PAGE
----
This is a bit more tricky to find in contrast to what we’ve done so far. The nth term is very dependent on the number of times the difference operation has to be taken before we end up at zero. In the previous example, we had to take it three times to get to zero. The polynomial we got had the second degree. It turns out that if we had to take the difference \(n\) times to get to zero, the polynomial is of the degree \(n-1\). This is quite useful, because if we know how the polynomial looks like, the only thing we need to find are the coefficients (more in-depth tutorial).

In the sequence \(1,4,9,16\dots\), we had to take the difference three times, so the polynomial has the second degree, i.e. \(ax^2+bx+c\). We have three unknowns, so we need three data points to solve the system of equations. That is,

\(\left[ {\begin{array}{*{20}{c}} 1 & 1 & 1 & 1 \\ 4 & 2 & 1 & 4 \\ 9 & 3 & 1 & 9 \end{array}} \right]\)

When we reduce this matrix to echelon form, we get that the coefficient for \(n^2 \) is \(1\), and zero for the remaining terms. The code below does this task.

The coefficients we get correspond to a term in the polynomial. For example, if we get \(3, 2, 1\), the polynomial is \(3x^2+2x+1\).

Finding the closed form for the sum

When we first think about how we can find the closed form for a sum, we might conclude that it is difficult. In Concrete Mathematics – A Foundation for Computer Science, an entire chapter (chp. 2) and a great part of other chapters is dedicated to sums, and the way we can find the anti-difference. At least, that was my thought when I got this idea. But later, an interesting thought came up to my mind, and that is to treat the sum as a sequence and the sequence as the difference of the sums’ terms. Let’s clarify this. If we have the sequence \( 1,2,3,4,\dots\), we can construct the partial sums, i.e. \(1, 1+2, 1+3+4, 1+2+3+4\), thus \(1, 3, 6, 10\). But the partial sums form a new sequence which we can analyse in a similar way. This means that can we can reuse quite a lot of code. Now, since in the original sequence \( 1,2,3,4,\dots\), we have to take the difference twice to get zero, in the new sequence \(1, 3, 6, 10\), we have to take the difference three times. The code for doing this is shorter, in contrast to the previous ones.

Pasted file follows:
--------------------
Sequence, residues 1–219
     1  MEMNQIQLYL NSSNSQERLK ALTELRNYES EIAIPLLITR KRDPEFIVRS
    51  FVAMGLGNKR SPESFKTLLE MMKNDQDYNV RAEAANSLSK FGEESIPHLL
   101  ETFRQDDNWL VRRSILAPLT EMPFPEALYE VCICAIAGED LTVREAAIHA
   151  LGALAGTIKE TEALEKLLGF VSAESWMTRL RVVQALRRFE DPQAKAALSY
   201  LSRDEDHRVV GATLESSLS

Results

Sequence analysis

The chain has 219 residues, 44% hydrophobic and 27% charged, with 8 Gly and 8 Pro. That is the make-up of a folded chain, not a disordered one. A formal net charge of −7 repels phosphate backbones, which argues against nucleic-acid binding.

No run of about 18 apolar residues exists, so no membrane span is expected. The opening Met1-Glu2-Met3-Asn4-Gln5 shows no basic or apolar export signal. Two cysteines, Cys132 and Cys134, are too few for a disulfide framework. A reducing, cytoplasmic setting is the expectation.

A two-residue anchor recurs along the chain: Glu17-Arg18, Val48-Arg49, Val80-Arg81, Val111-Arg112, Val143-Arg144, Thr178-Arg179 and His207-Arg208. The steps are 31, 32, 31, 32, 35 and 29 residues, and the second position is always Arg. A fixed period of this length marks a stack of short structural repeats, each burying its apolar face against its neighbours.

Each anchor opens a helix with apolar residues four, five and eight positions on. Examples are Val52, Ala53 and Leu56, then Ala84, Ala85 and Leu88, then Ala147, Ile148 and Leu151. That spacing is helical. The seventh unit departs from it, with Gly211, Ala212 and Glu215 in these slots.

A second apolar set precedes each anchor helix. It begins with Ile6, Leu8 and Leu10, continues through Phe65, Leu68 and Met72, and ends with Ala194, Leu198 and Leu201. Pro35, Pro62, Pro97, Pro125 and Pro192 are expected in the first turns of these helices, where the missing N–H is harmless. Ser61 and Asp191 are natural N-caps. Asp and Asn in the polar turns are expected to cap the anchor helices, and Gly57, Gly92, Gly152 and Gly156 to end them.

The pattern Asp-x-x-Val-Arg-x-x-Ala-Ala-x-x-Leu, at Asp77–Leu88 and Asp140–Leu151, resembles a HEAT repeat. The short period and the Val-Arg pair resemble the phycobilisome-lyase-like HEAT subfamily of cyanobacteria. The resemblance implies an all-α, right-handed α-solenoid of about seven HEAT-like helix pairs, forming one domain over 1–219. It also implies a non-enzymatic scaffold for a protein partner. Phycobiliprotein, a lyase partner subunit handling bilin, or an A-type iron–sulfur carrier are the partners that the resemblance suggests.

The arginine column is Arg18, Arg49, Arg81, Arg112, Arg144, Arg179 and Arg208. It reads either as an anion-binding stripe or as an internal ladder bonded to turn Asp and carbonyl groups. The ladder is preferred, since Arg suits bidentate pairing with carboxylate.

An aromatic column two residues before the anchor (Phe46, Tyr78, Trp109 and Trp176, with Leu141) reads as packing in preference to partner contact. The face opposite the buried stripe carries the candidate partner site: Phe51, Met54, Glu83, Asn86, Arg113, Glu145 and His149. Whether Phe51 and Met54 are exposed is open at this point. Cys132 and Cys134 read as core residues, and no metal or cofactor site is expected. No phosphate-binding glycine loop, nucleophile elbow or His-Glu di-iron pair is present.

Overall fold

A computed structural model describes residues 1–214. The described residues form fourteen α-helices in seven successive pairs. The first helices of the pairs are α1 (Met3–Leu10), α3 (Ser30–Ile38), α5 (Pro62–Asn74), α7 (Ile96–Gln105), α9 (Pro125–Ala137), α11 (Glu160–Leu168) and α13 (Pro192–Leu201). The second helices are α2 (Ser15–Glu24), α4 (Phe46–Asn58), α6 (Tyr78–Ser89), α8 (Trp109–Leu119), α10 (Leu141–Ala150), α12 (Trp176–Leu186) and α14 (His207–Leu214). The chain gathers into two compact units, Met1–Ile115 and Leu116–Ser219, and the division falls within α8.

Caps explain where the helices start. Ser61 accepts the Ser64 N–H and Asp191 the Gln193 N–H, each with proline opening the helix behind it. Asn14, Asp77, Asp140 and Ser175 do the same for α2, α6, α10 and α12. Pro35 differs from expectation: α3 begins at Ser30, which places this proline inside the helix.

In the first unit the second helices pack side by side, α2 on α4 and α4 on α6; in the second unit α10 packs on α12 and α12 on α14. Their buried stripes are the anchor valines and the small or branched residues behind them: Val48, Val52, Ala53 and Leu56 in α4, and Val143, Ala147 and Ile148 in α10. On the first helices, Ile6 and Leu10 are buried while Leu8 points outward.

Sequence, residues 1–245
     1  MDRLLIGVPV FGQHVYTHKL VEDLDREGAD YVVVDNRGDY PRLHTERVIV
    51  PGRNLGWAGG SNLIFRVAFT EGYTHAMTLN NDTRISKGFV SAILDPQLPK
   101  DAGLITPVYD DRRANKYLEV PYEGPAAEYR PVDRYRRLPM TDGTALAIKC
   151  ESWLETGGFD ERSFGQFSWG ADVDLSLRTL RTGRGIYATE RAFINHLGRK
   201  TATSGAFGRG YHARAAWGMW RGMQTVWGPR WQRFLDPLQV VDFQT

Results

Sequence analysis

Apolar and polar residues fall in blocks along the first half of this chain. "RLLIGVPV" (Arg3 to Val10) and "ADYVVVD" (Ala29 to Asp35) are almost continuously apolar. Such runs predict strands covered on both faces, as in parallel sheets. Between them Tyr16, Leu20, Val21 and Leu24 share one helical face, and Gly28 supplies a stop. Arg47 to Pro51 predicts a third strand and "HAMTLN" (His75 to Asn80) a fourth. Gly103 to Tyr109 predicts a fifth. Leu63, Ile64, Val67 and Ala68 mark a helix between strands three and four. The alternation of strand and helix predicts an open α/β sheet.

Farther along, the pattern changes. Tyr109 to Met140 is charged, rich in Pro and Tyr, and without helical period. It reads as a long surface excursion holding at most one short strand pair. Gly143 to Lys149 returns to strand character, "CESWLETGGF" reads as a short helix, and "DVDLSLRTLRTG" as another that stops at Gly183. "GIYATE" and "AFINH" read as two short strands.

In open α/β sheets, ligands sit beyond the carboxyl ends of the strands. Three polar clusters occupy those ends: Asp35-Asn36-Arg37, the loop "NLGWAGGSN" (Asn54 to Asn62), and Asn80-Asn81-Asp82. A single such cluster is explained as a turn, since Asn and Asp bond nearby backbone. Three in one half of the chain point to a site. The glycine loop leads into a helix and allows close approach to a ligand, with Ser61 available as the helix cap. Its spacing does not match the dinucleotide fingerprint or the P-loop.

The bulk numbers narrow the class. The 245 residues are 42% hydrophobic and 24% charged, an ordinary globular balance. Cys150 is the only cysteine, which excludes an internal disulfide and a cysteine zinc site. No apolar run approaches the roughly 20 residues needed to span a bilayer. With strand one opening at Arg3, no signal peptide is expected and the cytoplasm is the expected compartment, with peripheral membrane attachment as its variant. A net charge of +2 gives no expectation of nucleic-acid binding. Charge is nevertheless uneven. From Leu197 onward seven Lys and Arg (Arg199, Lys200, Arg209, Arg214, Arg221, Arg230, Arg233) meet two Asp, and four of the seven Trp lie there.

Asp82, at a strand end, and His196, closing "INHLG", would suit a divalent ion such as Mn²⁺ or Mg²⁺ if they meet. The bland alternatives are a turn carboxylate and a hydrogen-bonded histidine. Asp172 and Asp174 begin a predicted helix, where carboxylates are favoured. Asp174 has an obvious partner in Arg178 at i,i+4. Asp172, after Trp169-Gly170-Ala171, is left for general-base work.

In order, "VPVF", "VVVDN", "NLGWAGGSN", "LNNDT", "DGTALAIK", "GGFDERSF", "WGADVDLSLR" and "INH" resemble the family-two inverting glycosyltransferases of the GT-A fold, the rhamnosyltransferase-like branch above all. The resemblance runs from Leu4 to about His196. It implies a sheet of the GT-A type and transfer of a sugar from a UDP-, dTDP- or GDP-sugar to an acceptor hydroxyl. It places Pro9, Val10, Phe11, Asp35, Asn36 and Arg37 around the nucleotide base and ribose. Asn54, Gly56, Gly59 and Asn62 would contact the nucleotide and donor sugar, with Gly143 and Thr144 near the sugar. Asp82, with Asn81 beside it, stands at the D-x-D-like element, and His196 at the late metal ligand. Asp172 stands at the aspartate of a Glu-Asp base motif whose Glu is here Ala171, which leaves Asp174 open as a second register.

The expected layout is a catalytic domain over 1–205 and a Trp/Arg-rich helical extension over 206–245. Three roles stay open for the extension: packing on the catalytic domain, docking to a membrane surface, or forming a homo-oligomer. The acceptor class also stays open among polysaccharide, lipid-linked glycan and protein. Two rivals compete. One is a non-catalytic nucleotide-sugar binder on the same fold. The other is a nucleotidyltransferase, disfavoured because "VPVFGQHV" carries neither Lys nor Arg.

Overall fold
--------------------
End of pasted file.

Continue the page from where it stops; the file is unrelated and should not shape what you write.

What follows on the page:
Limitations

One of the limitations of this code/algorithm is that we can only use sequences that have been generated by a polynomial. Exponents are not allowed, although \(n^2= n\times n\), so that works. The reason is quite simple. Formally, we define difference as an operator on a function (similar to derivatives) as

\(\Delta f(x) = f(x+1) – f(x)\). Let’s say we have \(f(x)=2^x\). If we take \(\Delta(2^x)=2^{x+1}-2^x=2^x(2-1)=2^x\). Not good, no matter how many times we take the difference, we end up with the same thing we had in the beginning. This is why this particular algorithm does not work in this case. It is possible to add an extra step that checks against known sequences each time a difference is taken. This, I will do a bit later! 🙂

Source code

You can find all additional methods in the FiniteCalculus class in Mathos.Calculus (Mathos Core Library). Also, you can see this code in action here!